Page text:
• My library of GTO related books, old GTO Club Newsletters, restoration guides, the 1967 Pontiac shop manual, sales paraphernalia, an advertisement, etc.  went with the car.

  • This GTO is nearly 40 years old, un-restored, and a tired driver that has been garaged since 1984.  She needed a loving home with an owner that was interested in investing the proper combination of time, expertise, and money to restore her.  This was not a good choice for an amateur or someone looking for a cool car to drive with minimal effort.  Although it an attractive, sound vehicle, it is a restoration project.

  • 5/23/03 - A visitor to the site keenly noticed that the A.I.R. (smog) pump is missing.  This was a device that was stock on this car as a California vehicle.  The previous owner removed the pump, as was common back then, to restore a little power.  When I bought the car in '81 and had to have it tested before licensing, it passed without the pump (sight inspection for parts must not have been a requirement then - just low emissions) and I never reinstalled one.


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Front Driver Side View

Front View

Front Right Passenger View
Front Driver Side View Front View Front Passenger Side View
Driver Side Interior Rear View Interior View
Driver Interior View Rear View Passenger Interior View
Dash Hurst His / Hers Shifter 1967 GTO Hurst Linkage Advertisement
Instrument Panel / Console View Close-up of Hurst Dual-Gate Shifter
(Left slot is standard shift - "Hers" While the gated, right slot is ratcheted - "His", allowing power shifting without jumping gears.)
1967 GTO Hurst 
Linkage Advertisement
Engine Compartment Engine Engine Block Numbers
Engine Compartment View of a Stock California "YS" Engine Engine Block Number
Suspension Parts   Body Plate Numbers
Suspension Parts
(A starter renovation kit :)
  Body Plate Numbers
(No Surprises)
Trunk Interior 1967 GTO Magazine Advertisement Floor Mats
Trunk View - No Rot!
(Spare air and oil filters included :)
Magazine Advertisement  Floor Mats
Moving Day - 9/1/04
Driver from Selena Transport arrives.  Truck too long for driving around to the shop so we pushed the car into the field by the highway.  That spectacle slowed the morning commute traffic! Another car on the load - a 1967 Pontiac Firebird.  Nicely restored, I believe that this is the original color scheme for my old goat.  Interesting coincidence. Loading the GTO.  The Firebird's little 326 V-8 had no problem pulling it onboard.
Driver Side   Passenger Side - Just Started to Rain
Temporary New Home in an Auto Shop in Alameda, California
9/2/04 - A California car that never drove on Oregon pavement comes home to California.

9/8/04 - Old exhaust system removed.

9/8/04 - Transmission removed for rebuilding.

9/8/04 - Hood removed.

9/14/04 - Running gear out.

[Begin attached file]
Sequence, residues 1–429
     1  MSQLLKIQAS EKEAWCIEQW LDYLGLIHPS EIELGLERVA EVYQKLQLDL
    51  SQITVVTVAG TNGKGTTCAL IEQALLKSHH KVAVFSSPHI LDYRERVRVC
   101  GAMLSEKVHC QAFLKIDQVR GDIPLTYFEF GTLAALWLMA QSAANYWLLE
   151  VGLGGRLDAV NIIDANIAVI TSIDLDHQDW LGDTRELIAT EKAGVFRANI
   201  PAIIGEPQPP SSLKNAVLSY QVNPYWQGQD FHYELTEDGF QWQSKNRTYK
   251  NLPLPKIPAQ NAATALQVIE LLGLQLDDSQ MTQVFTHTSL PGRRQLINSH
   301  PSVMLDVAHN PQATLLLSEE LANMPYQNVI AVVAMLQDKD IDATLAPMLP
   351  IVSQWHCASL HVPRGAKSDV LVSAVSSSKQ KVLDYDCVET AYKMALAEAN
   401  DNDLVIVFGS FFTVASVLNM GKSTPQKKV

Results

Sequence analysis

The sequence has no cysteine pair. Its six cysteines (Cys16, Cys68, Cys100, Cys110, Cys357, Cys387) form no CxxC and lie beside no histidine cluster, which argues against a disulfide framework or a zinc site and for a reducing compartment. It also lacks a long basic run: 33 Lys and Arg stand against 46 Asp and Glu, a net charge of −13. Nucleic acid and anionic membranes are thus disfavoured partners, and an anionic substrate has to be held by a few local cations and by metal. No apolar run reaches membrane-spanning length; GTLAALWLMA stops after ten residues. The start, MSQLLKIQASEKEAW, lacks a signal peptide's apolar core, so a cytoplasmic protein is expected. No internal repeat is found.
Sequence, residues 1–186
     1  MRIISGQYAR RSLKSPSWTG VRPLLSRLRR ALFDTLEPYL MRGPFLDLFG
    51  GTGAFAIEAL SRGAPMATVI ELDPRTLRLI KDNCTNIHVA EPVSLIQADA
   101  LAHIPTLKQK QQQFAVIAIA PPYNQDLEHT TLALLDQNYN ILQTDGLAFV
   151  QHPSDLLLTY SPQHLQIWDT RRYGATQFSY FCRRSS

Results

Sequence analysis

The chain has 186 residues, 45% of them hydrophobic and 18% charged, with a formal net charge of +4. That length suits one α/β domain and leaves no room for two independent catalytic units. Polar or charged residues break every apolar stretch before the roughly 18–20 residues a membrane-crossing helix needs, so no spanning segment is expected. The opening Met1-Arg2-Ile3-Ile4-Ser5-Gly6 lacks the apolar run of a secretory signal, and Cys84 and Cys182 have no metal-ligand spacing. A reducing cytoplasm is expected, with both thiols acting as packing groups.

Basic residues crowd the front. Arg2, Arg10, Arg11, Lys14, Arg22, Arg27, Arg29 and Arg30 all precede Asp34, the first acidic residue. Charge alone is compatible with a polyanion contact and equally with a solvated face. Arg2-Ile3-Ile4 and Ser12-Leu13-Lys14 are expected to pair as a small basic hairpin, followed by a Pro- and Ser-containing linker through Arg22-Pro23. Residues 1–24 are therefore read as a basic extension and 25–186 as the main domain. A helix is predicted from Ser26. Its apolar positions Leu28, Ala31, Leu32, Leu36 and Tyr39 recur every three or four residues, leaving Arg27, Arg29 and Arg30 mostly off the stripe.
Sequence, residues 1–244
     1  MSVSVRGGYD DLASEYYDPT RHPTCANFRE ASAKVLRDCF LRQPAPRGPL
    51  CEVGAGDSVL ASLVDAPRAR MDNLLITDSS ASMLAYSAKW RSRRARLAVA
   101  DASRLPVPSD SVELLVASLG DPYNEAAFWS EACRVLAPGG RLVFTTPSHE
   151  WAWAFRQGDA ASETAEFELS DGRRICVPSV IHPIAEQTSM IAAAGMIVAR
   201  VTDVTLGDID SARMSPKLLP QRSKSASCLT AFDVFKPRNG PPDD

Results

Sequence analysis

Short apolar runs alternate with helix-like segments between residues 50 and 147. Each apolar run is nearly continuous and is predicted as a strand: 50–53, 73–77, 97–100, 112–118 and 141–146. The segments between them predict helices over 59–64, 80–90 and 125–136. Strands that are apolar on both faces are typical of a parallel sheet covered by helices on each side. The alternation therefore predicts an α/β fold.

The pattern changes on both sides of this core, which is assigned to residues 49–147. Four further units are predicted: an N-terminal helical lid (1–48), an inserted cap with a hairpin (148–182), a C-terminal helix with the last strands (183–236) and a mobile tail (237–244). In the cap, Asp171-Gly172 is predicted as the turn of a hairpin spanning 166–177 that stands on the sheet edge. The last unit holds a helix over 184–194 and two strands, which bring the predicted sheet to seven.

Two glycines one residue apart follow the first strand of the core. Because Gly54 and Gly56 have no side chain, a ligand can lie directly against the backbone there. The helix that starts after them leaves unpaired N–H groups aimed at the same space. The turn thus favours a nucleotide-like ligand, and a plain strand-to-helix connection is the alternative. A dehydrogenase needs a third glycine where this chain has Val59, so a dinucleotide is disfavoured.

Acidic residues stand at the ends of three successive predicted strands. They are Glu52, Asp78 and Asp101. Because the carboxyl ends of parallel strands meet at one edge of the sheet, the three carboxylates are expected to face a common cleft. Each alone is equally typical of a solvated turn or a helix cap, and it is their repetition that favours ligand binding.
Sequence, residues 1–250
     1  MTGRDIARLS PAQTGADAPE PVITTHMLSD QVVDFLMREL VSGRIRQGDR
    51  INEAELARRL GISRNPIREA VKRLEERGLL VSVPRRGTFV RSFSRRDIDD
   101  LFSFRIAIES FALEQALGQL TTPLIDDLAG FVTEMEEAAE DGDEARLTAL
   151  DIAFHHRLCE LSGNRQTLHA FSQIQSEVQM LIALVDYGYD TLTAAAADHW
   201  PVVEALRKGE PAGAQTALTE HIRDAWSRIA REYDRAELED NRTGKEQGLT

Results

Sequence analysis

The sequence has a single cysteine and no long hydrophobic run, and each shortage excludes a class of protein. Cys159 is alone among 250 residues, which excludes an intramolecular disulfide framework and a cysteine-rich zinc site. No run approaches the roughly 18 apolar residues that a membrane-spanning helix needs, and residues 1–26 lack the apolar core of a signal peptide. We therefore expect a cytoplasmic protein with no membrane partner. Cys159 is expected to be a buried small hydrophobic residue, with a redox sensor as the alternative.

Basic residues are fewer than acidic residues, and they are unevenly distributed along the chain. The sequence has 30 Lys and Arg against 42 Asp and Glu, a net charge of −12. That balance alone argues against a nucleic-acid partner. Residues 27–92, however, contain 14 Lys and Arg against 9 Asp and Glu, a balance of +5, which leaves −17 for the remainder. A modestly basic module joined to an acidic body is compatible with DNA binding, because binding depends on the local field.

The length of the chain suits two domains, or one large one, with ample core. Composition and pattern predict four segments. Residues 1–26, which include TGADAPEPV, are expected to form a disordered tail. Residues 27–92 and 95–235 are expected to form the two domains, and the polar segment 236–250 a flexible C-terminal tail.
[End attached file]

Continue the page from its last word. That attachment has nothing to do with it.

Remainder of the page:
9/14/04 - More shots of running gear out as well as engine parts.


9/14/04 - More pictures of parts piles.


10/6/04 - Pictures of the car and the powder coating.  The wheel wells got a coating also.  The bumpers  are re-chromed.  New stainless steel brake lines going in.   The engine is being put back together now.  It was bored .030 over and a 360 horse power cam was installed.   New battery holder and hardware.


10/21/04 - Drive train reassembled.  Suspension getting put back together.

10/23/04 - Reassembling the car.

10/29/04 - Getting close to done.  Waiting for the tires (Goodrich TA's). The mufflers are series 50 flowmasters (sounds real nice), got new hub centers as the red on the inside of the originals were faded  The wheels got powder coated and then painted.

11/21/04 - She is all fixed up, at her new home and on the road for the first time in nearly 20 years!

Pictures below are the stages of the license plate restoration done by a guy in Georgia.

Bead blasted Straightened and primed Finished

1/28/05 - Whole new interior including carpet and door panels installed.  Original license plates put back on.  Got the radio hooked back up and working - antenna bought on ebay.  All the interior lights working even the glove box, actually rewired it. Outside pictures are in front of the Oakland Raiders' offices.


Purchasing Information


SOLD - Thank You for Your Interest

Here is a link to all of the current GTO auctions running on ebaY:



General 1967 GTO Stats



Physical Dimensions

Wheelbase 115.0 inches
Width 74.7 inches
Height 53.7 inches
Overall Length 206.6 inches
Door opening width 41.6 inches
Ground Clearance 6.1 inches



Number of Passengers 5
Luggage Space 21.1 cu. ft.
Fuel 21.5 gallons
Crankcase 6 quarts
Radiator Coolant 17.8 quarts
Differential 3.0 pints


GTO Production Statistics

Total 1967 GTOs Assembled 81,722
2 Door Coupes (Body 4207) 7,029 retail $3,095
Convertibles (Body 4267) 9,517 retail $2,980
2 Door Hardtops (Body 4217) 65,176 retail $3,220

Out of the 81,722 Total:

64,177 were equipped with 335 hp engine.
42,594 had automatic transmissions.